• Groceries are location-dependent. Where you are in Apex for example, Costco might be the best option if you don’t have a good Walmart/Aldi/Target (our nearest superTarget is superGross for produce, for example, and not that cheap and it’s farther away than all the other stores in my comparison).

      As far as Aldi, give them another shot 🙂 They’re renovating a bunch of stores and the one we visit a lot is really nice inside. The clientele now looks more like the Trader Joe’s/Costco crowd (because it’s a mile from TJ/Costco probably) and we’re paying much less there. Quality has improved a lot in the past 10 years. After my first visit 10 years ago I didn’t go back for several years because I was unimpressed and produce wasn’t great. They’ve changed a ton.

  • We do the vast majority of our shopping at Kroger’s here in our small TN town. They have some great deals if you are a loyalty card holder, large discounts on certain items that they did not sell enough of such as baked goods, and they count gift card purchases towards their gas discounts, which are substantial in our case since we buy gift cards for almost everything.

    That being said, we still shop for items at times at Wal-Mart here in town, and Aldi’s and Sam’s Club about 30 miles away. I have a good idea of prices and will buy in those other stores when I see deals (think cereal and yoghurt at Aldi’s as an example). Sam’s Club does have good prices on items others mentioned such as paper products and mixed nuts, but they tend to do best in the health department for such items as vitamins and allergy pills. They have their own Sam’s brand items which are substantially under the prices of the larger, better known brands for the same ingredients, and most of the time are lower than what you can get online as well.

    • We buy a lot of Sam’s/Walmart generic meds and healthcare items. I think it was Zyrtek or some other allergy med – $13 for name brand vs $0.88 for the generic. Same active ingredients. Craziness!

      Kroger is okay here for their sale items but the farthest away of all the stores I frequent (like 2.8 miles instead of 0.3-1.5 miles 😉 ). So I usually skip Kroger unless I’m driving right by there anyway.

  • I’ll have to read the comments above me, but I’m also one of Costco lovers. I cannot stand WM, it’s like a different culture whenever I enter WM. It’s a good thing that it’s not on our way wherever we need to drive, so it would be inconvenient to drive. ALDI and Lidl are OK for produce if I happen to go their on the delivery day of perishable goods. They’re definitely cheaper than a lot of items at Costco. However, the taste and quality of say strawberries or blueberries is not satisfactory to me as compared to Costco. So, I’ll happily pay a higher price at Costco. I sometimes wonder one kind of gas Costco uses to ripen berries in their shipping containers. However, my DD and I now prefer Brei cheese at Aldi vs. Costco, though it costs more per weight unit.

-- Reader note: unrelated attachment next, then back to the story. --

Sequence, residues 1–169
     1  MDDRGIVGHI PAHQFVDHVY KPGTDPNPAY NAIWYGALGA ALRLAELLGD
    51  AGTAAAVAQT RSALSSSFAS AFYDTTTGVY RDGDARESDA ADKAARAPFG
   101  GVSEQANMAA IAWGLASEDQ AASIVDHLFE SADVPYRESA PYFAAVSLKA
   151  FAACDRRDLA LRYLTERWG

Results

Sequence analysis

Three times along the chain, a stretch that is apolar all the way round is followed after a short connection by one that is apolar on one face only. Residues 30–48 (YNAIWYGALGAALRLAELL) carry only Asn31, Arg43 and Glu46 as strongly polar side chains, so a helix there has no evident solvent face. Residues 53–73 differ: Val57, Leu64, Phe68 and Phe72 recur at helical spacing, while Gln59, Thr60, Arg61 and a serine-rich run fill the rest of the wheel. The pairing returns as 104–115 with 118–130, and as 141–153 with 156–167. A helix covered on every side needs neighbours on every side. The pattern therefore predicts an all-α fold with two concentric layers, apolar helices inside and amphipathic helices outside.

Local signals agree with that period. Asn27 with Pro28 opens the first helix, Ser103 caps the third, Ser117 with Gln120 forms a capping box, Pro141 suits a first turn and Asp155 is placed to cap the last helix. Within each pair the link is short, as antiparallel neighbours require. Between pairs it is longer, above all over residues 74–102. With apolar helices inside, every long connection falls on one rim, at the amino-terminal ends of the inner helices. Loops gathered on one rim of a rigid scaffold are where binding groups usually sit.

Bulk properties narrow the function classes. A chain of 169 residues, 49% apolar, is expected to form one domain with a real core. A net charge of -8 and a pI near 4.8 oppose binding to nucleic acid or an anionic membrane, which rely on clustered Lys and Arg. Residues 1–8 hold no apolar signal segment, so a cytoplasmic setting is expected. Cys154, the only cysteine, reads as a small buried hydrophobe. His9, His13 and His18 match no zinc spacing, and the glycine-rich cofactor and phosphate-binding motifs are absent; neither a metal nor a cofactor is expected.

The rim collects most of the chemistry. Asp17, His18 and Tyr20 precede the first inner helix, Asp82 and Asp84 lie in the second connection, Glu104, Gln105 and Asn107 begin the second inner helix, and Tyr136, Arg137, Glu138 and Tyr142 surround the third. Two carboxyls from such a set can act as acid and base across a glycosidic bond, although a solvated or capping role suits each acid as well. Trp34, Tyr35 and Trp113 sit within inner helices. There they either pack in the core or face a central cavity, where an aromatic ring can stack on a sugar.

My DH wants me to buy Starbucks dark coffee beans when Costco gives a discount. Supposedly they’re the best. I don’t drink coffee, so I care less. He buys noodles and sauce at Harris Teeter when on sale.

    TJ’s is totally out of our way so we drive there perhaps 2-3 times a year for wine and nuts mostly.

    I must say that prices for produce are quite flexible at Aldi (Lidl is also quite inconvenient for us). Avocadoes can cost $1.40 one day, but $1 or even $0.67 on some kind of special days. So, it really depends. I never saw chicken breast cheap at our Aldi. Costco was cheaper for us. For curiosity, I’ll take a look at Aldi today to compare.

    So, it really depends what you buy. Another example. We like salami (not the cheap stuff), prosciutto, smoked salmon, lobster tails (for special holidays). Costco definitely beats the other shops.

    • “We like salami (not the cheap stuff), prosciutto, smoked salmon, lobster tails (for special holidays). Costco definitely beats the other shops.” That seems like the stuff that would be cheaper at Costco but the portions kill me! Smoked salmon (something we buy occasionally as a treat) is slightly cheaper for example, but comes in a single 16 ounce package vs 3-4 oz at Aldi or elsewhere. And it has a limited shelf life once opened (if you want maximum freshness). So while we could save a few dollars per pound, we would end up spending more on smoked salmon overall.

  • It would be great if Aldi could open up in Colorado. Costco is great for organic peanut butter, Starbucks bulk coffee, organic fruit and vegetables, bananas, organic meats, specialty cheeses, contact lenses, refilling ink jet cartridges, seasonal gifts, socks, bulk saran wrap, garbage bags…. can you tell I’m a fan? I only go 2x a month to limit the damage, but with 2 teenagers in our house, we do go through everything before it expires.